Is there a march from early food sensitization to later childhood allergic airway disease? Two prospective birth cohort studies [the high-risk Melbourne Atopic Cohort Study (MACS) (n = 620) and the population-based LISAplus (n = 3094)] showed that food sensitization (with or without aeroallergen sensitization) in the first 2 years of life increased the risk of subsequent asthma and allergic rhinitis [6]. Life-course of atopy and allergy-related disease events are rarely studied in tropical sub-Saharan Africa. 2345 Ugandan children were followed from birth to 9 years. Allergen sensitization started early in childhood and increased with age. Eczema and wheeze were common in infancy and declined with age. Atopy was strongly associated with asthma, rhinitis and eczema among the few affected children. Nevertheless, the typical Atopic March did not occur [7].

The early prediction of allergic diseases is one of the most important question in pediatric allergy. The predictive value of serum sST2 in preschool wheezers was observed for development of asthma with high FeNO [8]. A prospective birth cohort study (Danish Allergy Research Center cohort) identified early childhood risk factors for allergic and non-allergic rhinoconjunctivitis in adolescence [9]. Eczema which commences in early infancy and persists into toddler years is strongly associated with asthma, and to a lesser extent hay fever, in high-risk children. If these associations are causal, prevention of early-life eczema might reduce the risk of respiratory allergy [10]. Indoor fungal diversity in primary schools may differently influence allergic sensitization and asthma in children [11].

Long-term perinatal probiotic intervention was safe but efficacy was difficult to be confirmed in four randomized, double-blind, placebo-controlled trials [12]. In Uganda, treating helminths during pregnancy and early childhood in the absence of change in other exposures, is unlikely to increase the risk of atopic diseases later in childhood [13].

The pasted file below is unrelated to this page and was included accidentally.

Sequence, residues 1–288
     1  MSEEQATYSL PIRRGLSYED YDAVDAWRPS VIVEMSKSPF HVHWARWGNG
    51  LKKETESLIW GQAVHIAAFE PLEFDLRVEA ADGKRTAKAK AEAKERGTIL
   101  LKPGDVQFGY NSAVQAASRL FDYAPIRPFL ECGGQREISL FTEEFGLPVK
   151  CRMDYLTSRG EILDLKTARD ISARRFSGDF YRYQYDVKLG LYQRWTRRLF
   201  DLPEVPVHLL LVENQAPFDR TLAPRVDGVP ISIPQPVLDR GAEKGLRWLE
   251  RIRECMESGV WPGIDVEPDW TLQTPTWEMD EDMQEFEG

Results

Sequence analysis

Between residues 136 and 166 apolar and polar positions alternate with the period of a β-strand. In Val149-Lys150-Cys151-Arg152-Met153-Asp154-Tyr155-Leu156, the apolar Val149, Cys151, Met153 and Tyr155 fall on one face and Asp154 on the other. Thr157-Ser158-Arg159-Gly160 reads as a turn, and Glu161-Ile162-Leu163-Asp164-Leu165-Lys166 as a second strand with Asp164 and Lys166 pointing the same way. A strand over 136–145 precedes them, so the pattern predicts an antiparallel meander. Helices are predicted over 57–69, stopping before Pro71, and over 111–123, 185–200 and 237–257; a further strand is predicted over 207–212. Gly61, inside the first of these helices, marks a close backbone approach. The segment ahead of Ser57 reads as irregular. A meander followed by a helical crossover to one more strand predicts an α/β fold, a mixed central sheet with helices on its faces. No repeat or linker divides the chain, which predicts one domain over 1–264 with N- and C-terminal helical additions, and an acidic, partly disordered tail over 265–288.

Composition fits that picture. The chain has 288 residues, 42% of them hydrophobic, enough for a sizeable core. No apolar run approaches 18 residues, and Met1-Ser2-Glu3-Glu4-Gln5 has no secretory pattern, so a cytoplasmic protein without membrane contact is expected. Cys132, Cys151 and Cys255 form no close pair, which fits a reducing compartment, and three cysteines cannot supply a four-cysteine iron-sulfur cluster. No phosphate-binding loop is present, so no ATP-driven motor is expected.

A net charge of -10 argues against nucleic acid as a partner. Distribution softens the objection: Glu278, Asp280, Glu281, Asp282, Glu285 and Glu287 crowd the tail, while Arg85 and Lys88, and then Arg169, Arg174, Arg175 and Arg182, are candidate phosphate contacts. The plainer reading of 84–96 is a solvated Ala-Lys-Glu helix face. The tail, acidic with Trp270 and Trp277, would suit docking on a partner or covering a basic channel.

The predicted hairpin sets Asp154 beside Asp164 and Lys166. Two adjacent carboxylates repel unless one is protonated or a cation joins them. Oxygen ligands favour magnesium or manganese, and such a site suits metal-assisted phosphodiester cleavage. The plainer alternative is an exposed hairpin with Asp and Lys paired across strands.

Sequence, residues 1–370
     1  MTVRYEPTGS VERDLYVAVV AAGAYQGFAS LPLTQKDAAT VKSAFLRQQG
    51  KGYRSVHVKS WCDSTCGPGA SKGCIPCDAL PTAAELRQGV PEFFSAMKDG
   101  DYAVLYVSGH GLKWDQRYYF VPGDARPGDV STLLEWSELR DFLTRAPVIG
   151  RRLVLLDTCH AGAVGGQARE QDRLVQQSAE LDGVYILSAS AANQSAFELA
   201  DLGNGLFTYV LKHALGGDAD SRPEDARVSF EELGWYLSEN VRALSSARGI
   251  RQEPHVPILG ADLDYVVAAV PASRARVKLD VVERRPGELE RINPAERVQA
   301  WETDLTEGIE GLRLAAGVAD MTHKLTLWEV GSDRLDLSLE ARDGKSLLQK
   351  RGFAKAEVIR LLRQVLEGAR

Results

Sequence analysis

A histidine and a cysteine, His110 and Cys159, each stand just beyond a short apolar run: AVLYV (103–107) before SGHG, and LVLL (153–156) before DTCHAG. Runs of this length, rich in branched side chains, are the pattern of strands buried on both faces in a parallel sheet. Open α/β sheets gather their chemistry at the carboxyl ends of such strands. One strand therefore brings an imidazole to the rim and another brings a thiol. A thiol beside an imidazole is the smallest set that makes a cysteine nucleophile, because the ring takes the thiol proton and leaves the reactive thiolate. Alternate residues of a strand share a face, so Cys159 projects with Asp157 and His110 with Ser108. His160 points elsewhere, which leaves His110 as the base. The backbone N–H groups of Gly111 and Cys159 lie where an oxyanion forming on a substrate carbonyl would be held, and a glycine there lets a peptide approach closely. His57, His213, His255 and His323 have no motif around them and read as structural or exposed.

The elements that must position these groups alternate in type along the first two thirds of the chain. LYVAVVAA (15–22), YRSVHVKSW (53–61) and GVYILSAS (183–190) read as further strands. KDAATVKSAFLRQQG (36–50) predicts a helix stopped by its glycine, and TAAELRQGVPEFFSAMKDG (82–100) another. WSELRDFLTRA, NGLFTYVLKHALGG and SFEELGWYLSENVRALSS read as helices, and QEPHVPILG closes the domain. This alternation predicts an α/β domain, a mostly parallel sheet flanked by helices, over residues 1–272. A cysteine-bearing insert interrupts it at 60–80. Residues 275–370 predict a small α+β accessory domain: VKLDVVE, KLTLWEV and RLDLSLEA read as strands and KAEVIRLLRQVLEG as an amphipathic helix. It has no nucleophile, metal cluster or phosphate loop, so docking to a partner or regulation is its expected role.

Epidemiology

Birth decade affects the sensitization pattern and asthma risk were studied in Finnish adult population population-based case–control data (N = 456). Sensitization to more than one allergen type and the number of positive SPT reactions associated with younger age and asthma. Atopic subjects aged 65 and above were characterized by sensitization to only one to two allergens [14].

The state of asthma epidemiology was assessed by the Task Force “Overview of Systematic Reviews in Allergy Epidemiology” of the EAACI Interest Group on Epidemiology that proposed an overview of systematic reviews and their quality [15]. The same Task Force published an overview of systematic reviews in allergy epidemiology [16].

Multimorbidity

In allergic diseases, the term co-morbidity should be replaced by multimorbidity since the primary organ is unknown as indicated by a EAACI Task Force Report [17]. Several papers dealt with multimorbidity in the three journals. Allergen sensitization affects the change trend of prevalence of symptoms of rhinitis coexisting with wheeze among adolescents in Guangzhou City from 1994 to 2009 [18]. Staphylococcus aureus enterotoxin sensitization is associated with allergic poly-sensitization and allergic multimorbidity in adolescents [19]. The gender-shift in prevalence of allergic rhinitis and comorbid asthma from childhood to adulthood is more important in multimorbid disease [20].

There was no consistent evidence for an association of asthma or chronic rhinosinusitis with fruit and vegetable intake in this representative sample of European adults (Global Allergy and Asthma Network of Excellence (GA2LEN) Survey) [21].

In rhinitis and asthma, CHRODIS criteria were applied to the MASK (Mobile Airways Sentinel NetworK) that has been recognized as a Good Practice [22].

Diagnosis

The diagnosis of allergy is changing with new in vitro tests and the refinement of older ones. Diagnosing allergic sensitizations in the third millennium is important and clinicians should know allergen molecule structures [23].